As tourist season reaches its peak time, tourist operators across the province are saying it's the support from New Brunswickers that is keeping them in business this summer.
Three usually busy tourist operations in different parts of New Brunswick agree the Atlantic bubble has not had any impact.
Annual visits to the Acadian Village in Caraquet are down by 80 per cent, but Mylene Dugas, who looks after public relations, says they are seeing an increase in visitors from other parts of New Brunswick.
After the government announced the travel rebate program for New Brunswickers to encourage travel and staycations within the province, Dugas said visits from other areas increased.
"For the first time, we are seeing more people come from the south and also the northwest," said Dugas referring to other parts of New Brunswick.
She said it means many visitors are seeing the Acadian Historical Village the first time.
But Dugas said the site hasn't seen much increase in visits from other provinces since the opening of the Atlantic bubble three weeks ago.
"There's not as much visitors during July and will likely be the same in August," said Dugas.
Despite not having tourists from Quebec, who make up 65 per cent of annual visits in a normal year, Dugas said the attraction is happy to be open with other tourist sites in the Acadian Peninsula.
Dugas said the loss of visitors from Quebec helped the site to understand its market better. She said it seems people living in the Acadian Peninsula and the Chaleur region visited the site when they had visitors from Quebec with them.
"Even people living in the area are visiting us even less then usual."
Pooja Rajmohan, director of sales at the Algonquin Hotel in Saint Andrews, said the hotel has only seen a slight or moderate change in bookings and visits since the Atlantic bubble opened on July 3.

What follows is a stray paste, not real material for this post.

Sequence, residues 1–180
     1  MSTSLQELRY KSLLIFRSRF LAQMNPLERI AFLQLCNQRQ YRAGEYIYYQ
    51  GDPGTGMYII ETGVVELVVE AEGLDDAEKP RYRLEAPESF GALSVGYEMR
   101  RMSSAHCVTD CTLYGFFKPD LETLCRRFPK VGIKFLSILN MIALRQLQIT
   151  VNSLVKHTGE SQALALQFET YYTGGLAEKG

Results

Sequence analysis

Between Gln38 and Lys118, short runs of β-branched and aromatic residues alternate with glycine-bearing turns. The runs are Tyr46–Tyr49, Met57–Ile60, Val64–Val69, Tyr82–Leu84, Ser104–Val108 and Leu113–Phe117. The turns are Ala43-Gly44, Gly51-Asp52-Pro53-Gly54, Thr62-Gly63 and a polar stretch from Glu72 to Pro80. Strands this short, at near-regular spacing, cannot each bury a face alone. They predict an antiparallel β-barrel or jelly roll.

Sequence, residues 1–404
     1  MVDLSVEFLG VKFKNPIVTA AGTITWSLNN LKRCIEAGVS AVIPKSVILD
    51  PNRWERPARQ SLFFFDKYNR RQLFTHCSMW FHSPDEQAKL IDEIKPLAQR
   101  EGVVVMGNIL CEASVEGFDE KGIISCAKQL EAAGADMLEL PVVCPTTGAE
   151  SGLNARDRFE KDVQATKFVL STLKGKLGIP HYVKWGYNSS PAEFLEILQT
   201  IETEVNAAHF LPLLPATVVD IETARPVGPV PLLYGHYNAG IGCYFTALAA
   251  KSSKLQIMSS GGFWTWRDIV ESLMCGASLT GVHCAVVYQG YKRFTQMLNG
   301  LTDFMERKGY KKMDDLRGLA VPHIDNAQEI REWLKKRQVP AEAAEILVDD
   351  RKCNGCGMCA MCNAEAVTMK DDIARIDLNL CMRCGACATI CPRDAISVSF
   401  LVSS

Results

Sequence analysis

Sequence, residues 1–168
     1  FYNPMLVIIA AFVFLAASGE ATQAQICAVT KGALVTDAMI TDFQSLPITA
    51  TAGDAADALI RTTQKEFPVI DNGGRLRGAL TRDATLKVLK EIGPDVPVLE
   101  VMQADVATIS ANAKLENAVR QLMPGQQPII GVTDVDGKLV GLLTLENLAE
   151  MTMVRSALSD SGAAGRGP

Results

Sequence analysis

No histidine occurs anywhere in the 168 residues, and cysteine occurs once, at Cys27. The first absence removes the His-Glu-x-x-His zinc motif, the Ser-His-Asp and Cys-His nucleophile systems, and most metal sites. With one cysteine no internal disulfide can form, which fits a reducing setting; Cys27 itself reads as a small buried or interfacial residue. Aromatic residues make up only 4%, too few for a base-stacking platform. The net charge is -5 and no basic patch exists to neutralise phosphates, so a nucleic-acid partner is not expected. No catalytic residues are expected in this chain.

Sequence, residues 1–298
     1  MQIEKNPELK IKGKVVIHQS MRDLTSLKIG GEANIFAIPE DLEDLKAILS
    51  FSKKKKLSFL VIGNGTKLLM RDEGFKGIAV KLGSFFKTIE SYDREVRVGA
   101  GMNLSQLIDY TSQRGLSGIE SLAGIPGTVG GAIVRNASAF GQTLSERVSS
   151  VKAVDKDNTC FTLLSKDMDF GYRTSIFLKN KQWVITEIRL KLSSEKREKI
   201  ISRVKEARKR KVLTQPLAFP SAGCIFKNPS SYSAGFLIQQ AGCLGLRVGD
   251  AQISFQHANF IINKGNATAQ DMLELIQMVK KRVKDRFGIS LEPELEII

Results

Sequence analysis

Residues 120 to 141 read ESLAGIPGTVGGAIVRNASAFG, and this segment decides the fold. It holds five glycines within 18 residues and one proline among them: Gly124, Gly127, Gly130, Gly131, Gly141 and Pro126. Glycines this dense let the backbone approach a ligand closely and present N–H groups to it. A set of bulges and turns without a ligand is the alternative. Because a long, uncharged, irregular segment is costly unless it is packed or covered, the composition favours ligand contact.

"New Brunswick has been our main contributor ever since we opened in May."
After reopening on May 14, Rajmohan said the hotel has had many New Brunswickers guests who had never visited before. Forty to 50 per cent of those booking are first-time visitors, not just to the hotel, but to the golf course as well.
"The Atlantic bubble hasn't had a lot of impact with us actually."
Rajmohan said they have had some guests from Nova Scotia and Prince Edward Island but not many.
The travel rebate program has helped the hotel, though.
"That is actually encouraging people to book. People who actually thought they couldn't take a vacation in a five-star hotel are actually thinking about taking their families out and having a little bit of a good time."
People who participate in the province's travel incentive program will receive a 20 per cent rebate, up to $1,000, when they submit their bills to the province, as long as they've paid for overnight lodging.
Rajmohan said the Algonquin is almost fully booked for the New Brunswick Day long weekend, which is a big help.
Rebate program helps
At Hardings Point Campground near Grand-Bay Westfield, owner Howard Heans said bookings have been all over the map and most of those coming to stay are from within the province.
"Thank goodness for that," said Heans. "We did a little survey on what we've done so far, on where people are from, and 95 per cent of our people that camped this year have been from New Brunswick."
For Heans, opening the Atlantic bubble has not made a big difference but says the province's rebate program is helping with bookings.
He agreed with Rajmohan that it's hard to compare this summer's visitor numbers with last year's because conditions are so different.
"We're in peak season and peak season is usually a lineup of people getting in and another lineup of people checking out to get on two ferries."
But Heans said this year, the driveways are empty.
Right now, most of his campers are coming for weekend visits, and very few show up during the week.
"I'll take any business I can get in this type of situation."